Somalia and Rwanda
In December of 1992, President George H. W. Bush had sent a contingent of U.S. soldiers to Somalia, initially to protect and distribute relief supplies to civilians as part of a UN mission. Without an effective Somali government, however, the warlords who controlled different regions often stole food, and their forces endangered the lives of UN workers. In 1993, the Clinton administration sent soldiers to capture one of the warlords, Mohammed Farah Aidid, in the city of Mogadishu. The resulting battle proved disastrous. A Black Hawk helicopter was shot down, and U.S. Army Rangers and members of Delta Force spent hours battling their way through the streets; 84 soldiers were wounded and 19 died. The United States withdrew, leaving Somalia to struggle.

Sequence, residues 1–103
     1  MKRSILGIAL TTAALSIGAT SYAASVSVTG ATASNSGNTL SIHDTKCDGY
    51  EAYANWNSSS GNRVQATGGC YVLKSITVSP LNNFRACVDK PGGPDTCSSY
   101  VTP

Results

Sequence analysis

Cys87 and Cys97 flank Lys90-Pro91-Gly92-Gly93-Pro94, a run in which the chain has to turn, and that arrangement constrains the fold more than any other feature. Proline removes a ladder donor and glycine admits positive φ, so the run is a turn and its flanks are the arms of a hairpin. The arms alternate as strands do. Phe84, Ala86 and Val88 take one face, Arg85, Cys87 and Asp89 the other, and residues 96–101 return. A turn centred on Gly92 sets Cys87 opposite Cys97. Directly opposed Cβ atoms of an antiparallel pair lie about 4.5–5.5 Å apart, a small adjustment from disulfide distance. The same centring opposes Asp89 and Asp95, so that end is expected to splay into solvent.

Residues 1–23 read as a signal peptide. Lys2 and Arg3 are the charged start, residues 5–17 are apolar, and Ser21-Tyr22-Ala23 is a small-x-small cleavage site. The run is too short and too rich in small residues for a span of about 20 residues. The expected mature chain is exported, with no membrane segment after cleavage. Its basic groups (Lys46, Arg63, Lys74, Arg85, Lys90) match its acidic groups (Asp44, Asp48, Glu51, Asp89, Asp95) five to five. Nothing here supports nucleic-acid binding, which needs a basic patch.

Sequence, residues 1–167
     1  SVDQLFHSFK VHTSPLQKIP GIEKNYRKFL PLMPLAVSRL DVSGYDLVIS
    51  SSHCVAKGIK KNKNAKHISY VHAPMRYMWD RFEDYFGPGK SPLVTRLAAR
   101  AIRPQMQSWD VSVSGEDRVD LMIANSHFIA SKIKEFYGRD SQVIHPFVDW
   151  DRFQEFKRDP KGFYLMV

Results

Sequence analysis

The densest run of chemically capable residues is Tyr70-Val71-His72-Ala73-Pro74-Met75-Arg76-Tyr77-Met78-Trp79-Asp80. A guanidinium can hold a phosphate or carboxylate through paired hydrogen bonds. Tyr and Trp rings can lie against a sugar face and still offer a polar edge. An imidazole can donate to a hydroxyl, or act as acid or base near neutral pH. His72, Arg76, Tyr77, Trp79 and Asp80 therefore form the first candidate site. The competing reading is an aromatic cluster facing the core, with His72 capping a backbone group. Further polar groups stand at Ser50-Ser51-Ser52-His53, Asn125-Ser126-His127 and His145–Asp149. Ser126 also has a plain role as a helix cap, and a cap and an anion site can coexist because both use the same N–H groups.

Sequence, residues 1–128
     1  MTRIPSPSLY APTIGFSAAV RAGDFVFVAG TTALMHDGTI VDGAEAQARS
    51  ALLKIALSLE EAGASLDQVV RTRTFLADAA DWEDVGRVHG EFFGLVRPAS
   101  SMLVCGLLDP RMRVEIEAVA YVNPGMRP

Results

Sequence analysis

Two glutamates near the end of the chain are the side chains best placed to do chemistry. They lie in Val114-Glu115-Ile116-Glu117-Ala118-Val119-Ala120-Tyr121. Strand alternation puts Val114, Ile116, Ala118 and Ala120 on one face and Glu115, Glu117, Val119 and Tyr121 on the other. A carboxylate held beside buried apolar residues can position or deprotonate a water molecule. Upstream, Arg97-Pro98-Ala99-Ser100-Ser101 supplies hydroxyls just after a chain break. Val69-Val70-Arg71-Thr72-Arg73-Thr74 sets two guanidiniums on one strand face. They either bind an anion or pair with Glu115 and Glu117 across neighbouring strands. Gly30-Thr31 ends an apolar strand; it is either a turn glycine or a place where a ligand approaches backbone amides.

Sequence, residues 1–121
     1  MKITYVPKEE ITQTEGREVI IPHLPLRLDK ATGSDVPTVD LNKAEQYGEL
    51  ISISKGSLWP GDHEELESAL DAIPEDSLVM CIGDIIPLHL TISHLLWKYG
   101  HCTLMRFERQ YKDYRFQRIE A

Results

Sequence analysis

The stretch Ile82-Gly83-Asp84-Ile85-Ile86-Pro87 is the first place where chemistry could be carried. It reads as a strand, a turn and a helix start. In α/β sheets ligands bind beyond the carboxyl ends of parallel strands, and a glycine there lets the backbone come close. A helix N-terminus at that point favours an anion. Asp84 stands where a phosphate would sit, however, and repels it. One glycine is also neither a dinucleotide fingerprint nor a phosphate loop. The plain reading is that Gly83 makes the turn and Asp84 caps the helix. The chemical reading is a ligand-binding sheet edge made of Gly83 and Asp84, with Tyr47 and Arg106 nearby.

The sting of the Somalia failure probably contributed to Clinton’s reluctance to send U.S. forces to end the 1994 genocide in Rwanda. In the days of brutal colonial rule by European forces, Belgian administrators had given control to Tutsi tribal chiefs, although Hutus constituted a majority of the population. Resentment over ethnic privileges, and the discrimination that began then and continued after independence in 1962, erupted into civil war in 1980. The Hutu majority began to slaughter the Tutsi minority and their Hutu supporters. In 1998, while visiting Rwanda, Clinton apologized for having done nothing to save the lives of the 800,000 massacred in 100 days of genocidal slaughter.
Military Coup in Haiti
In September 1991, a military coup led by Lieutenant General Raoul Cédras ousted Haiti’s elected president, Jean-Bertrand Aristide, who escaped to the United States. In 1993, thousands of Haitians tried to flee to the United States as well, but more than half were sent back to Haiti by the U.W. Coast Guard. Although Clinton had criticized former President Bush for returning Haitian refugees to their country, he continued part of Bush’s policy because he feared that accepting refugees might encourage many more to flee to the United States, and slow the formation of a democratic government in the country.